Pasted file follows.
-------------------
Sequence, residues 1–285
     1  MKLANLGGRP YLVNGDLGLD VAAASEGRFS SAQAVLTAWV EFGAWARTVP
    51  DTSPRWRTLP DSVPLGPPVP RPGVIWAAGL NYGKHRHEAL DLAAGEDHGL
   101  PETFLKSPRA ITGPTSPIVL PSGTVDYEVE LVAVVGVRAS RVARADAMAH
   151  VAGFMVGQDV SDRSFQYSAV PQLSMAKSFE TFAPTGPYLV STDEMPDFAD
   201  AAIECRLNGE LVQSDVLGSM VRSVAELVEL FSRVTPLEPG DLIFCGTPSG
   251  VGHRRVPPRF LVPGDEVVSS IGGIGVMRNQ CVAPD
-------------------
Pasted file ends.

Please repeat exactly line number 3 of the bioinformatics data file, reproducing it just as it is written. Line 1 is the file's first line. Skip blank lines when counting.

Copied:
    51  DTSPRWRTLP DSVPLGPPVP RPGVIWAAGL NYGKHRHEAL DLAAGEDHGL